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Ann Thorac Surg. 2006 Feb;81(2):413-9.

Radiologic classification of small adenocarcinoma of the lung: radiologic-pathologic correlation and its prognostic impact.

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1
Thoracic Surgery Division, National Cancer Center Hospital, Tokyo, Japan. kjsuzuki@ncc.go.jp

Abstract

BACKGROUND:

A new radiologic classification for small adenocarcinoma is necessary for discussions of limited surgical resection for peripheral lung cancer.

METHODS:

Between 1999 and 2003, 1,697 consecutive patients underwent pulmonary resection for lung cancer. Three hundred forty-nine of these patients with clinical stage IA lung cancer who had lung peripheral adenocarcinoma, 2 cm or less in size, were investigated retrospectively. Radiologic classification was based on the findings of thin-section computed tomographic scan such as the presence of solid and ground-glass opacity (GGO). Type 1 (n = 22), type 2 (n = 26), type 3 (n = 25), and type 4 (n = 43) show a simple GGO, an intermediate homogeneous increase in density, a halo, and a mixed area of GGO and a solid, respectively. Type 5 (n = 54) shows a solid tumor with GGO, and type 6 (n = 179) shows a solid tumor.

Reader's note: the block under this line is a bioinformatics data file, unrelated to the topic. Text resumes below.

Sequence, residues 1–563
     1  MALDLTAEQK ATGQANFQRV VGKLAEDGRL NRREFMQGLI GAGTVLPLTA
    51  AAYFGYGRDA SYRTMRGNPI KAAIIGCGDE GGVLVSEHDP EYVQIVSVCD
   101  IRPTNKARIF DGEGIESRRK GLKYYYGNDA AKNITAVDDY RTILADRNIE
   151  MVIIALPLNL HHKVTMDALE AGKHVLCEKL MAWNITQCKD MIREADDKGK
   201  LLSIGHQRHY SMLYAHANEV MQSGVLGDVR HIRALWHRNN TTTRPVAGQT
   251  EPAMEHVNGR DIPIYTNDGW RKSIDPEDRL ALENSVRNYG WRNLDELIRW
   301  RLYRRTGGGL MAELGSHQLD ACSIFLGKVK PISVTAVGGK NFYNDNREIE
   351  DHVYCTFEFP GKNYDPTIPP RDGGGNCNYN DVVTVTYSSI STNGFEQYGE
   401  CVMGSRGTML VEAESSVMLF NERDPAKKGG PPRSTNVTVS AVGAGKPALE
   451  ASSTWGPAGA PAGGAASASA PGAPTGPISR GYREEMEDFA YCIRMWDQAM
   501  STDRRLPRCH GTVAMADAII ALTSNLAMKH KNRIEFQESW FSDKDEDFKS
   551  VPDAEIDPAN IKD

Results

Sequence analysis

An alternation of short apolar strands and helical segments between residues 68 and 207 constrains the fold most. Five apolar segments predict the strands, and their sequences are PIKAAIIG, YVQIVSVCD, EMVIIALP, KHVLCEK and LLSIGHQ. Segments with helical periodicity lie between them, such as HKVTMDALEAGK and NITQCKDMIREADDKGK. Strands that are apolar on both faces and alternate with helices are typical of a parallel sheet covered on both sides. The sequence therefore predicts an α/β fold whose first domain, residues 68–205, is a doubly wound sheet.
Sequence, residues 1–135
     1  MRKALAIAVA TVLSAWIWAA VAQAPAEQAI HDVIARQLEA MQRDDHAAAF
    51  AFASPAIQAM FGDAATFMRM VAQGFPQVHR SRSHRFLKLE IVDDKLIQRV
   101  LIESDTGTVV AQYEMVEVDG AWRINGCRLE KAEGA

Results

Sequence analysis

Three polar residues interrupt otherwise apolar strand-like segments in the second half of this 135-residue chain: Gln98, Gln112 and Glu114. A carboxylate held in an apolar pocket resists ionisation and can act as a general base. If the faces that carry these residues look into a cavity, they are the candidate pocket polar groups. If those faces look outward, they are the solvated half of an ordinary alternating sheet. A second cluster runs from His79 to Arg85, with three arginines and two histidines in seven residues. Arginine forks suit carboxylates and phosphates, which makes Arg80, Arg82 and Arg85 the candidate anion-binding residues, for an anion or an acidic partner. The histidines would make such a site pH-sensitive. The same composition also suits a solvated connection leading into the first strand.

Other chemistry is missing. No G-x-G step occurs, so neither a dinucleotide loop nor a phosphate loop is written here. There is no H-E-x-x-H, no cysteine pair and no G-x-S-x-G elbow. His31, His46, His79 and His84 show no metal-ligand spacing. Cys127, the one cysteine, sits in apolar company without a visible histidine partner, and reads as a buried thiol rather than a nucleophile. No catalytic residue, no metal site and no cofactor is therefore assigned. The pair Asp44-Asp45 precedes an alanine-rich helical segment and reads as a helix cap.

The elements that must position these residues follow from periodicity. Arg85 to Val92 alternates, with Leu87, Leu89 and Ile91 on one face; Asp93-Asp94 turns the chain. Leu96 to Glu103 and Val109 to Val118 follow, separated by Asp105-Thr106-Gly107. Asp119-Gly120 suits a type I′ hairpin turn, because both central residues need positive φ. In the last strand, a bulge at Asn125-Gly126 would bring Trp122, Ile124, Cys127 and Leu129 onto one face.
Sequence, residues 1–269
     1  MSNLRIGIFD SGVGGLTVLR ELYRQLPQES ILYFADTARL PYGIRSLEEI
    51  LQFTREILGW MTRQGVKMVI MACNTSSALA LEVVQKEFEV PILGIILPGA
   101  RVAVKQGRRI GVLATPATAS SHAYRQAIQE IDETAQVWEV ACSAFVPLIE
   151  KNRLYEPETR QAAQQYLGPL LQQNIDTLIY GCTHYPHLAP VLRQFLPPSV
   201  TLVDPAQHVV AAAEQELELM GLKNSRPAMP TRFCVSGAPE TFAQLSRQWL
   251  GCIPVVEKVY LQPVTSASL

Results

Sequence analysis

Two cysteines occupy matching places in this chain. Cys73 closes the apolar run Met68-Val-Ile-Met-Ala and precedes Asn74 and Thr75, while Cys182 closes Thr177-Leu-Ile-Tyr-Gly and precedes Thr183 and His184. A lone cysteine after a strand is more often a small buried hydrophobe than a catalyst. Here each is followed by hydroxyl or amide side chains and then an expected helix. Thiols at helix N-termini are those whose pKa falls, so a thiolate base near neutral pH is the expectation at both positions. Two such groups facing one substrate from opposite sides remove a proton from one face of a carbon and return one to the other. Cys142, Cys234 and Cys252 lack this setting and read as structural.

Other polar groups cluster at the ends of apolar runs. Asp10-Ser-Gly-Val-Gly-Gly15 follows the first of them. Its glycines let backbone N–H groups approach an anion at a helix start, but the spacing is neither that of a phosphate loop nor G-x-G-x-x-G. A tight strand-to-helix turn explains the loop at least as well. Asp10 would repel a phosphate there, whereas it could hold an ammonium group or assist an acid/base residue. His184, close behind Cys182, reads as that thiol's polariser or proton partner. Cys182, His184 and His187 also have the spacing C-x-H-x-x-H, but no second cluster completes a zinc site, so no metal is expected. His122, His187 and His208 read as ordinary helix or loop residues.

RESULTS:

There was no difference in the maximum tumor dimension among the six groups. All but 1 patient had no lymph node metastases among type 1 to 4 tumors, whereas these were found in 5% and 24% of the patients with type 5 and 6 tumors, respectively. Lymphatic invasions were rarely found in patients with type 1 to 4 tumors (p < 0.001).

CONCLUSIONS:

Types 1, 2, 3, and 4 are considered to be radiologic early adenocarcinoma of the lung, and their pathologic features were minimally invasive. On the other hand, type 5 and 6 tumors could have lymph node metastases and are considered to be invasive adenocarcinoma. Although limited surgical resection may be enough for type 1 to 4 tumors, anatomic pulmonary resection should be recommended for type 5 or 6 tumor.

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